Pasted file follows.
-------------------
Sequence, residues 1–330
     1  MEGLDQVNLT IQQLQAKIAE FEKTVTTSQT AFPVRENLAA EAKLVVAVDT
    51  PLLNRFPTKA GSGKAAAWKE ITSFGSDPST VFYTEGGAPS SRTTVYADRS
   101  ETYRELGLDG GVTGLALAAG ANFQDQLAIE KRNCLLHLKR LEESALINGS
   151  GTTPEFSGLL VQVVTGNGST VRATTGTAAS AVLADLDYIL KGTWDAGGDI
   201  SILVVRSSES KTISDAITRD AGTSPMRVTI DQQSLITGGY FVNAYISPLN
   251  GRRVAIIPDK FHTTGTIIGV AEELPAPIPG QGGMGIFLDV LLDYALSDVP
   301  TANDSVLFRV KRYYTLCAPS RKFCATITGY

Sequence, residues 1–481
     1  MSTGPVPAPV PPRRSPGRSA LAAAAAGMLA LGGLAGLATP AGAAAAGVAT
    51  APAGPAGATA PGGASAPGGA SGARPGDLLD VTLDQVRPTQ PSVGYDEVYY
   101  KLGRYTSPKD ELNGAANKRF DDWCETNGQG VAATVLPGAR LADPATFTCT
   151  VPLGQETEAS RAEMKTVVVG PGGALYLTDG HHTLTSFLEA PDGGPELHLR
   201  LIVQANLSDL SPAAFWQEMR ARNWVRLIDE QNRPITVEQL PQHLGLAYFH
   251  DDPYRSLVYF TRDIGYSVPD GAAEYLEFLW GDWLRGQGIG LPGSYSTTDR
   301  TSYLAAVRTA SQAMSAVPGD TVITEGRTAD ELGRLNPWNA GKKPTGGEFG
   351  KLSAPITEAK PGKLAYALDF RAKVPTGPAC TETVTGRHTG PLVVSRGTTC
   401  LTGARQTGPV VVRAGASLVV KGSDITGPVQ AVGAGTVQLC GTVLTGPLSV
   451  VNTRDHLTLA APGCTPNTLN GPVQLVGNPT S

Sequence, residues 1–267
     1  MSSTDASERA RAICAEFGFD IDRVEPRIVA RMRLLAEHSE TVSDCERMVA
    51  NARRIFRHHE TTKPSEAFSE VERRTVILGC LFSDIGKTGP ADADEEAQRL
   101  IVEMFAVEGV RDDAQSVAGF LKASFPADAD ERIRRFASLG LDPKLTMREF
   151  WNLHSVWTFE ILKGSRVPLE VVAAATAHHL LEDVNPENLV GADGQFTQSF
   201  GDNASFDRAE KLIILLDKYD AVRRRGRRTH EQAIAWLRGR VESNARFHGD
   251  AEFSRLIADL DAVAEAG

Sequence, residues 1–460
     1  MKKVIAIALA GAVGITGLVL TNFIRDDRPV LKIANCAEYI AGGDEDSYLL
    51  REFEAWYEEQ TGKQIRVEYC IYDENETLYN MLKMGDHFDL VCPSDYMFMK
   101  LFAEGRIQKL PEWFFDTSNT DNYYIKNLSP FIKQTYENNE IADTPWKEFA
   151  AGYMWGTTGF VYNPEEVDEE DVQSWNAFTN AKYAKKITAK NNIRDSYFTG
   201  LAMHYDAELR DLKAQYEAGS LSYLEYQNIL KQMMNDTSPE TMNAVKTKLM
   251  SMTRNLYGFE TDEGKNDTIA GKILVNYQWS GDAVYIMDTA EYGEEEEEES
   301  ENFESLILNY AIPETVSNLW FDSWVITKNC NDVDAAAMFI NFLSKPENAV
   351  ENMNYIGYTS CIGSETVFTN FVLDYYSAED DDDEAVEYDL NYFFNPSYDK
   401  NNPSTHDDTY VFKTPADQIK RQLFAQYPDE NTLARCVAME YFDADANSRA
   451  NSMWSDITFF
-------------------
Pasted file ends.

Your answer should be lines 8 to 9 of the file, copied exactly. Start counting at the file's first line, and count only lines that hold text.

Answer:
   301  TANDSVLFRV KRYYTLCAPS RKFCATITGY

Sequence, residues 1–481